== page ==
Once upon a time, towns and small cities in Maine were thriving, busy places. Maine is a state with many rivers, and along those rivers were factories that made shoes, spun wool, and produced paper. There was a downside: Those factories polluted the water and the air. But they also provided good jobs. Then, in the 1970s and 1980s, the factories left, one by one, to go to places where there was cheaper labor, first in the southern part of the United States and then out of the country all together.
The devastating effect of this on Maine, a small, rural state with only a million people, cannot be overstated. No big tech companies rushed in to fill the void, the way they have in more populous states in southern New England. Therefore, young people left—Maine has the largest percentage of senior citizens in the country. Many of those who stayed behind pieced together a patchwork life of part-time work. Or, full-time jobs that barely pay enough to raise a family, buy a house, and pay for a college education. (Hannaford Supermarkets is one of the largest employers in Maine, along with Wal-Mart.)
Not surprisingly, when the great factories fell silent, once flourishing downtowns went into a tailspin. Business after business closed, and all over Maine there were so many empty store fronts that Tim Sample, a Maine humorist, joked about the “Vacant Building Festival” in Eastport, Maine, where the locals supposedly quip that “If you could buy a Greyhound bus ticket with a food stamp, we’d all be outta here.”
Funny, but ouch, and this applies to much of Maine, not just to Eastport. It certainly applies to central Maine, to Augusta, the state capital, whose downtown on Water Street has been moribund for so long that only an old timer like me remembers when it was thriving.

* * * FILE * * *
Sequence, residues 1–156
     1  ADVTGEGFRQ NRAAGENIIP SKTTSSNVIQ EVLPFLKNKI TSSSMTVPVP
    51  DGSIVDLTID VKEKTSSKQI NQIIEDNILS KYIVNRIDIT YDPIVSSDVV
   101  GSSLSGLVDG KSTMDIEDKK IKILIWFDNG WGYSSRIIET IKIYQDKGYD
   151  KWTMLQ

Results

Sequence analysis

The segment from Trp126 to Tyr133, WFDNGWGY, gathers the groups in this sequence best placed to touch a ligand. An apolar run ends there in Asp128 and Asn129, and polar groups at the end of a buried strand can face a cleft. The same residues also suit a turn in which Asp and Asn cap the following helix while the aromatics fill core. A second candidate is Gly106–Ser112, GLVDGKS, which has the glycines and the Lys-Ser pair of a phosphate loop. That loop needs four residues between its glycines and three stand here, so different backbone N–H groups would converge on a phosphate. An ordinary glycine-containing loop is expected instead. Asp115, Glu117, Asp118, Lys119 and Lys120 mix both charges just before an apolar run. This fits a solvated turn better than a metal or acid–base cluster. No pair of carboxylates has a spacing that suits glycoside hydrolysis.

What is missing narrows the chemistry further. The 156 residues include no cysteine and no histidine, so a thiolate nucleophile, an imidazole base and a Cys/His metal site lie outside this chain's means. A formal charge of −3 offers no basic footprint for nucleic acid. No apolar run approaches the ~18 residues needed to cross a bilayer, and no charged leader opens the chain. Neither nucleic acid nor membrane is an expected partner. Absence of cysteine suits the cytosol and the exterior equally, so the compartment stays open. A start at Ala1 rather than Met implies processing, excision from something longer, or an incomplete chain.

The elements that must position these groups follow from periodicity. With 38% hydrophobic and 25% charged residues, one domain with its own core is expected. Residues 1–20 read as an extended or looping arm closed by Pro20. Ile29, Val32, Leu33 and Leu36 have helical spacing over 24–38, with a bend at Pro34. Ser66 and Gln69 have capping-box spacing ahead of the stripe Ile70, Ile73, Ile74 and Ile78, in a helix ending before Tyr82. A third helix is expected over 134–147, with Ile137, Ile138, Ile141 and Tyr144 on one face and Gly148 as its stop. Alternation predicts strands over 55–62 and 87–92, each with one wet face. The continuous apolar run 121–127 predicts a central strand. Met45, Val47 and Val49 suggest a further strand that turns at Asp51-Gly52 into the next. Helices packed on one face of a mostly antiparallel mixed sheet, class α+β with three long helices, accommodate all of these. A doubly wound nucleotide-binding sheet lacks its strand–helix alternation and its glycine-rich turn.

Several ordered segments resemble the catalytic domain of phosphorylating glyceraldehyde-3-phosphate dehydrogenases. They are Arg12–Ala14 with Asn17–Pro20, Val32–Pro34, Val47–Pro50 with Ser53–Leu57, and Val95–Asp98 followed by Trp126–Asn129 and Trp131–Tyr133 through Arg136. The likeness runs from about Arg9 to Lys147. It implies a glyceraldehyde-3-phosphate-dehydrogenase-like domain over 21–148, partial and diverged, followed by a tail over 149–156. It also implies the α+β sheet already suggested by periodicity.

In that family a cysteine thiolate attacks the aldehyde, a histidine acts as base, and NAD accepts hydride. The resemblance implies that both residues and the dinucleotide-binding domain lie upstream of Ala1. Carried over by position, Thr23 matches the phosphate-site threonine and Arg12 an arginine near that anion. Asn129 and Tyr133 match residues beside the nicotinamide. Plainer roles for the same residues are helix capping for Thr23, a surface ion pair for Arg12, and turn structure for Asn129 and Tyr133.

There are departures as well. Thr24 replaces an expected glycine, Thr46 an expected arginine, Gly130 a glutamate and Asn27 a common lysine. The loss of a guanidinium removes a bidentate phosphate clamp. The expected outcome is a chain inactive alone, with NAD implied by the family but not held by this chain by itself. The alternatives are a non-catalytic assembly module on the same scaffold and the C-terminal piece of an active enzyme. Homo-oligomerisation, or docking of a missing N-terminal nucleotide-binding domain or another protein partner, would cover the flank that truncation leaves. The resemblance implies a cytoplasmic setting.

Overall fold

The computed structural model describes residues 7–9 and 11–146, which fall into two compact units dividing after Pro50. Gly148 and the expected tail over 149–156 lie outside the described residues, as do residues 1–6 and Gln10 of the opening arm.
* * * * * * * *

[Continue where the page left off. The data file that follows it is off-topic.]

However, lately there have been sparks of life on Water Street, and those sparks have burst into a little flame. Appropriately enough, Cushnoc Brewing Co., a brewery that also serves pizza baked in a wood-fired oven, seems to have been one of the first to light the spark in Augusta. (My son-in-law Michael maintains that breweries have done a lot to revive communities. Perhaps he is right.)
Along with Cushnoc came other businesses—Otto’s, Circa 1885, and most recently Huiskamer Coffee House, where we went on Saturday to hear our friend Claire Hersom read poetry along with Jay Franzel and Bob MacLaughlin.
Huiskamer Coffee House is a delight. There are couches, comfortable chairs, tables, and Vermeer and Mondrian prints. (What a contrast between the two artists!) Wonder of wonders, there was good tea—Harney & Sons—as well as good coffee. Grace Fecteau, one of the owners, let us use our own mugs for tea and coffee, but there are ceramic mugs and plates.
Here is a view of the coffee house from our table.
And here is a picture of the delightful Claire.
As the poets read, subjects ranged from the Red Sox to back country roads to being poor in Maine. To having a father with Alzheimer. Some of the poetry was intense, some of it was funny, and all of it was close to the bone.
How nice that the coffee house was full of people listening to poetry. Tea and coffee were drunk, scones and soup eaten.
When Clif and I left, it was still light out, and on Water Street, there were cars parked on both sides of the road. People walked on the sidewalk.
Even five years ago, Water Street was deserted on nights and weekends. Not anymore.
May this spark continue to grow.